Style Spotlight: Cream Ales

August 13, 2020

Written by Bennett

Revived in Minnesota’s beer culture by Castle Danger Brewery from Two Harbors, cream ales have a rather mysterious ethos for such a simple beer style. It probably has to do with the name. For those who are still unsure, these beers do not contain cream or dairy products of any kind. They can, however, be as smooth and satisfying as a fresh dollop of cream.

Cream ales were born amidst a monumental shift in beer-drinking tastes during the latter half of the 19th century. The sensational pilsners and golden lagers from Europe, glowing with clarity and thoroughly quenching on the palate, had hopped the pond with the help of immigrant brewers, making quite a splash. American beer consumers quickly developed a fondness for this crisp, cold, bottom-fermented beer. Domestic ale breweries, forced to compete, began employing a variety of techniques to serve lighter ales that mimicked these qualities.

So what makes a cream ale then? The style offers broad parameters in which to work from. Cream ales are pale, golden beers fermented from a grist of six- and two-row barley and maize (or rice) used to lighten the body. They are fermented and conditioned at colder temperatures than normal for ales, producing a cleaner profile with less esters. In somewhat confusing fashion, brewers are allowed to employ ale yeast, lager yeast, or a combination of both to achieve this result. You can think of cream ales as a fuller-flavored, more characterful sibling of standard American lagers.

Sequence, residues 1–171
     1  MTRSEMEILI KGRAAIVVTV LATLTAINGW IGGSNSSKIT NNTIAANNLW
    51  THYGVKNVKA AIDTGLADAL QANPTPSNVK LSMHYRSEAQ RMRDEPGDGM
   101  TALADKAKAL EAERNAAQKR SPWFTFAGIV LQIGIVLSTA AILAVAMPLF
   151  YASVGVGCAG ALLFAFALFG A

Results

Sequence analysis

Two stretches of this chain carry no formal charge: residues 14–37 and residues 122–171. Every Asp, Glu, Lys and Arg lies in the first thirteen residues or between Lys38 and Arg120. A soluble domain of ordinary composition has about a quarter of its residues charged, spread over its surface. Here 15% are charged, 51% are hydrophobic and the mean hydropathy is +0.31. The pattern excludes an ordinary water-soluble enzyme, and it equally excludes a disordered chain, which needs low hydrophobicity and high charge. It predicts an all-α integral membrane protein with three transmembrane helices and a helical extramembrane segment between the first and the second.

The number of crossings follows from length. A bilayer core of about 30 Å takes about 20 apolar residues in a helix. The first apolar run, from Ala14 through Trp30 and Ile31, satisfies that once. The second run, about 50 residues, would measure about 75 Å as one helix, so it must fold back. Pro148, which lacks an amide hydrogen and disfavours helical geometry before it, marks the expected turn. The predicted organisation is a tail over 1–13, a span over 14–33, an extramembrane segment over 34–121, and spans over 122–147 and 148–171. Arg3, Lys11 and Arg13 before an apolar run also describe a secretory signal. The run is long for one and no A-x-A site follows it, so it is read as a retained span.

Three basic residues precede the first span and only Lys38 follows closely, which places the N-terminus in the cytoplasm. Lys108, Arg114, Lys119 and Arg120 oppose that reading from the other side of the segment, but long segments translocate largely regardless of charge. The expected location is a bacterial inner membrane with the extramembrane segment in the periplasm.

For those who are old enough to remember (not myself), the first post-prohibition revival of the cream ale style was in 1960 when Clarence Geminn, a brewmaster in Rochester, NY, created the recipe for Genesee Cream Ale. It briefly was the best-selling ale in the United States, topping one million barrels of annual production. Still in production today, Genesee Cream Ale is a benchmark on which others can be judged. Lucky for us, Minnesota’s abundance of quality breweries has allowed me to present four cream ales that I believe surpass this benchmark. Check them out below!

Castle Danger Castle Cream Ale — $9.99/6pk Cans

A beer that has defied convention and remains a personal favorite of mine, Castle Cream Ale has become ubiquitously popular in a market flooded with hazy IPAs. It is consistently in our top-5 best selling beers, and for good reason. Golden-hued with biscuit-y malt with a dash of spicy hop character on the nose. This mellow, rounded-feeling ale has notes of graham cracker, honey and biscuit with a prickly of hop to balance the light sweetness on the finish.

Bent Paddle Classic Ale — $8.99/6pk Cans or $17.99/12pk Cans

Another up north brewery known for consistent quality, Bent Paddle recently released the Classic Ale as a complementary option next to their Venture Pils. It’s a beer that tastes like beer. Pale straw and clear in appearance, it features notes of cornbread and biscuit on the nose. Light and creamy on the palate with a grain-forward finish.

Urban Growler Cowbell Cream Ale — $9.99/4pk Cans

The flagship offering from this woman-owned brewery in St. Paul is meant to be “transitional” enough to lure lager fans into the delights of the craft beer world. Extremely pale straw in appearance, it has a welcoming malty nose and super creamy mouthfeel. Delicate sweetness on the palate begs you to come back for another sip. 

Indeed Pistachio Cream Ale — $9.99/4pk Cans

It works, trust me. I honestly think pistachios were meant to be in cream ales.  We are so happy that Indeed pushed forward with brewing this, it’s a craft beer lover’s delight. A creamy almost frosting-like nose of pistachios leads a nutty, sweetbread like palate. Noticeably thicker, creamier and sweeter than the others mentioned but totally worth it.